To evaluate the possible influence of a series of clinical angiographic and surgical variables on the 1-year patency of saphenous vein (SV) coronary graft, data collected prospectively in a multicenter randomized clinical trial were analyzed.Methods and Results.
The study group included 349 patients - 847 SV distal anastomoses - who underwent angiography at a median time of 374 days after surgery. By logistic binomial regression analysis, age, sex, smoking habits, hypertension, high cholesterol, previous myocardial infarction, and angina were not found to be significant factors leading to graft occlusion. Among the angiographic and surgical variables, the following were retained as predictive of higher occlusion risk: (1) vessel diameter (≤1.5 mm versus > 1.5 mm, odds ratio (OR)=2.46); (2) the location of the grafted vessel, namely, the right coronary artery versus the left anterior descending (OR=2.15); and (3) the wall motion of the vessel-dependent myocardial region (altered versus normal: OR=2.12). The presence of two or three risk factors multiplied the occlusion risk up to 11-fold.Conclusions.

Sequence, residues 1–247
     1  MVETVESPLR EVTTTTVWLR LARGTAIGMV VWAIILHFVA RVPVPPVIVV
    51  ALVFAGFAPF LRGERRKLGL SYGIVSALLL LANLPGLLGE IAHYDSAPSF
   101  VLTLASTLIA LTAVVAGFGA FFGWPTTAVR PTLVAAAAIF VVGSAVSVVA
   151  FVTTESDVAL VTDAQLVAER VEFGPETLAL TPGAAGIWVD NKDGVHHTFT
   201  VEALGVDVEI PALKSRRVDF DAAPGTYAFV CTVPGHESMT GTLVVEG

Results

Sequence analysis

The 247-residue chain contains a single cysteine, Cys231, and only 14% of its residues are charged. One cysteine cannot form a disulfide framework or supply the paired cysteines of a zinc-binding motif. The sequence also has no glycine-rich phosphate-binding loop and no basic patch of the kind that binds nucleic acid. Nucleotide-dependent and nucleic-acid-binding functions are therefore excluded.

The study suggests that vessel diameter, wall motion of the vessel-dependent myocardial region, and location of the grafted vessel are the main determinants of SV coronary graft patency during the first postoperative year. Knowledge of these artery-specific factors may provide a basis for estimating the risk of graft occlusion, thereby modifying surgical strategy and postoperative surveillance. (Circulation.1993;88[part 2]:93–98.)